For more than 25 years, Will and Nan Clarkson have generously supported the Clarkson Chair program, which invites distinguished scholars and professionals to campus for lectures and seminars that engage students, faculty, practitioners and members of the public in knowledge-sharing, scholarship and debate on critical issues in architecture, planning and design.
The Clarkson Visiting Chair is an endowed visiting position awarded semiannually to a distinguished scholar or professional in the disciplines of architecture, planning and design. This award is in recognition of excellence in the pursuit of scholarship and professional application within these disciplines.
Kunlé Adeyemi is an architect, designer and development researcher whose works are internationally recognised for originality and innovation. He is the founder and principal of NLÉ – an architecture, design and urbanism practice founded in 2010, for innovating cities and communities. Adeyemi’s notable works include ‘Makoko Floating School’, a groundbreaking, prototype floating structure once located in the lagoon heart of Lagos, Nigeria. Makoko Floating School has since evolved into ‘Makoko Floating System (MFSTM)’ – a simple, prefabricated, building solution for developments on water – now deployed in 5 countries across 3 continents. This acclaimed project is part of NLÉ’s extensive body of work – the ‘African Water Cities’ – which explores the intersections of rapid urbanisation and climate change. In 2016 NLÉ was awarded the Silver Lion Prize for its second iteration of Makoko Floating School (MFS II – Waterfront Atlas) at the 15th International Architecture Exhibition – La Biennale di Venezia. Other NLÉ projects include A Prelude to The Shed in New York, USA, the Black Rhino Academy in Karatu, Tanzania and the Serpentine Summer House at the Royal Kensington Gardens in London, UK.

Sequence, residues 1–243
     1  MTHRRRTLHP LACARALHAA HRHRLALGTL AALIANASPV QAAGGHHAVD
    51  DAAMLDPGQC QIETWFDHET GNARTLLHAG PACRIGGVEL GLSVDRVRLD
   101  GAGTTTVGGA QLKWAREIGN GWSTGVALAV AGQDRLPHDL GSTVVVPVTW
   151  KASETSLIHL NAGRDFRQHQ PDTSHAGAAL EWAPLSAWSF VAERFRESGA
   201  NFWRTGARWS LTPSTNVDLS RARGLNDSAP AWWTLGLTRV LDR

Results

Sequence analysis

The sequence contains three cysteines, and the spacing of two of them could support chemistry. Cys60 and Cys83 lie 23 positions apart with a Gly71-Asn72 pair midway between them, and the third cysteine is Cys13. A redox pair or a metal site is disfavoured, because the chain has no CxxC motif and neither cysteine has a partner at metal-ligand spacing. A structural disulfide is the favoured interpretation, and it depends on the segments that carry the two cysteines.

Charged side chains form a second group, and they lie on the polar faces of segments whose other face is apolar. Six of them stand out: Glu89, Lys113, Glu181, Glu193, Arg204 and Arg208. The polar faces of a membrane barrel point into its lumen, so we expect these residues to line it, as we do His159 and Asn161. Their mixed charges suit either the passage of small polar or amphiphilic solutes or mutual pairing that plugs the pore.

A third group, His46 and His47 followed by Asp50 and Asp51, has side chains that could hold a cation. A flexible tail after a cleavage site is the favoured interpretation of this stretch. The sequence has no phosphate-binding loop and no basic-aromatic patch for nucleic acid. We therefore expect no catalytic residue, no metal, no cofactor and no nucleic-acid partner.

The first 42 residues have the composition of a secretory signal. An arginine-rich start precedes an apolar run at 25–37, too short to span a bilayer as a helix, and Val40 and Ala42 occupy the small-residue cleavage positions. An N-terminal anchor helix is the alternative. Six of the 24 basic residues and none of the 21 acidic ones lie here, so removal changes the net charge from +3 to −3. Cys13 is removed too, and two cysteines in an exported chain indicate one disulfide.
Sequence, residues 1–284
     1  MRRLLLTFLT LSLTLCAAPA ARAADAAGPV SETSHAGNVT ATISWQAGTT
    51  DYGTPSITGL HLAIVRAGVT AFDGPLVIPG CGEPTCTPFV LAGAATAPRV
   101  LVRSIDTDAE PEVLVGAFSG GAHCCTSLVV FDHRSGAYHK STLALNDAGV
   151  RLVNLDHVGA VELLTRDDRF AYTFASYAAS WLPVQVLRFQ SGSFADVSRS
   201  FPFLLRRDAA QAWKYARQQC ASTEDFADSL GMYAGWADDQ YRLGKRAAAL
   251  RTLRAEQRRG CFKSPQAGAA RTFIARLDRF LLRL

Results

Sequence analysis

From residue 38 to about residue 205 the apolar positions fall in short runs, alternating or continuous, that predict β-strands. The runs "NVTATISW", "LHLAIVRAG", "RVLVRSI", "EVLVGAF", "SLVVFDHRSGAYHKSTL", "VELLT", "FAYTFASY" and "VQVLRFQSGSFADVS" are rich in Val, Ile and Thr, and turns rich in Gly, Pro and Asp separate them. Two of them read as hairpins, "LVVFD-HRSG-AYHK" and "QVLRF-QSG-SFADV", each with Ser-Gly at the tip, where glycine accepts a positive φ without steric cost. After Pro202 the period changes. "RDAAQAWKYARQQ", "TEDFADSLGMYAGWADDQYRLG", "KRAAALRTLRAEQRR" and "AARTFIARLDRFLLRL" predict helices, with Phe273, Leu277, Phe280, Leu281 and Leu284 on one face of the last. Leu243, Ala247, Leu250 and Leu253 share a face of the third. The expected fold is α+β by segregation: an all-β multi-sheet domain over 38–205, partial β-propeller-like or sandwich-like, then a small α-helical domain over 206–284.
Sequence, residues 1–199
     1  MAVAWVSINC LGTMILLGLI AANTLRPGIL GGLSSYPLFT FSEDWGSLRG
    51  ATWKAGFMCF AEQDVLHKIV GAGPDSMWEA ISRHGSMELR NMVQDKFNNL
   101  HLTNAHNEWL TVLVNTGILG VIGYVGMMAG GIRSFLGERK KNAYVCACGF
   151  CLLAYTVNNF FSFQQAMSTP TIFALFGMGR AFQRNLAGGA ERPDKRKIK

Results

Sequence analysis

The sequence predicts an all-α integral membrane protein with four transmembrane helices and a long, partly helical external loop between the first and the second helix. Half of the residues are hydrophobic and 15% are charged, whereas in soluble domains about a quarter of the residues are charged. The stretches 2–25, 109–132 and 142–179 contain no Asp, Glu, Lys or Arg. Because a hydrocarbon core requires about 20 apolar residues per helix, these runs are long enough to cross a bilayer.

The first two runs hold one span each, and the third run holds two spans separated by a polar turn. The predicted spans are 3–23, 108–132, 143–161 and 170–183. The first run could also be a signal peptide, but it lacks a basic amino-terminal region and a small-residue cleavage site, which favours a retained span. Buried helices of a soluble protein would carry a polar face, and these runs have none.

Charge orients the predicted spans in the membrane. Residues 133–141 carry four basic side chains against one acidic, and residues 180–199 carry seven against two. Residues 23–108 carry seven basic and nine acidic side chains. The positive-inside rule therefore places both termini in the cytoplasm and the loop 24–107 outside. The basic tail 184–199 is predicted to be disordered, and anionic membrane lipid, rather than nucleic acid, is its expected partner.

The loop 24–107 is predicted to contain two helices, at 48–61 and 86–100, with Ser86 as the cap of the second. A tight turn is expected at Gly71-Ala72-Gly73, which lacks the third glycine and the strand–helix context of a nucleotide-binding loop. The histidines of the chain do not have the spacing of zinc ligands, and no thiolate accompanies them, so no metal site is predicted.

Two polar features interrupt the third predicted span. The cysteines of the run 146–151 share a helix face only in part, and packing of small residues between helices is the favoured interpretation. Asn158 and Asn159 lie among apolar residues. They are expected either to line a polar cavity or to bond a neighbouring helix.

Before founding NLÉ, Adeyemi worked closely with Rem Koolhaas at the world renowned Office for Metropolitan Architecture (OMA), where he led the design and development of significant projects such as the Shenzhen Stock Exchange tower in China, the Qatar National Library and Qatar Foundation Headquarters in Doha, Samsung Museum of Art and the Prada Transformer in Seoul.
Alongside his professional practice with multiple prestigious awards, Adeyemi is an international speaker and thought leader. He is one of UNDP’s Africa in Development Supergroup. He served as juror and nominator for distinguishing many industry talents including the RIBA international Prize, the AIA awards, Venice Biennale jury, and the Rolex Mentor and Protegé program. Adeyemi holds an honorary doctorate degree in Architecture from Hasselt University, Belgium, and a certificate in Real Estate Economics and Finance from the London School of Economics (LSE).
We are pleased to welcome Vanessa Watson as the 2019 Will and Nan Clarkson Chair in Planning. Vanessa Watson is Professor of City Planning in the School of Architecture, Planning and Geomatics, and founding member of the African Centre for Cities, both at the University of Cape Town, South Africa.
Her research and publications focus on southern perspectives on planning theory, African cities and urbanisation, urban food security, and currently on planning and corruption in Africa. More recently she has followed the new economic forces re-shaping African cities, in particular the private-sector driven property development initiatives. Her work unsettles the geo-politics of knowledge production in planning by providing alternative theoretical perspectives from the Global South. Recent projects also include studying governance of urban food systems in African cities. Watson is the Global South Editor of Urban Studies, an editor of the European Journal of Development Research, senior editor for Oxford Bibliographies Online: Urban Studies, and a member of the editorial boards of multiple national and international journals. She was the lead consultant for UN Habitat’s 2009 Global Report on Planning Sustainable Cities and is on their global reports Advisory Board. She was chair and co-chair of the Global Planning Education Association Network (2007-2011). She is a founder of the African Centre for Cities at the University of Cape Town and the Association of African Planning Schools.
Watson holds degrees from the Universities of Natal, Cape Town and the Architectural Association of London, and a PhD from the University of Witwatersrand. She is a Fellow of the University of Cape Town.
Previous Clarkson Chairs in Architecture
Previous Clarkson Chairs in Planning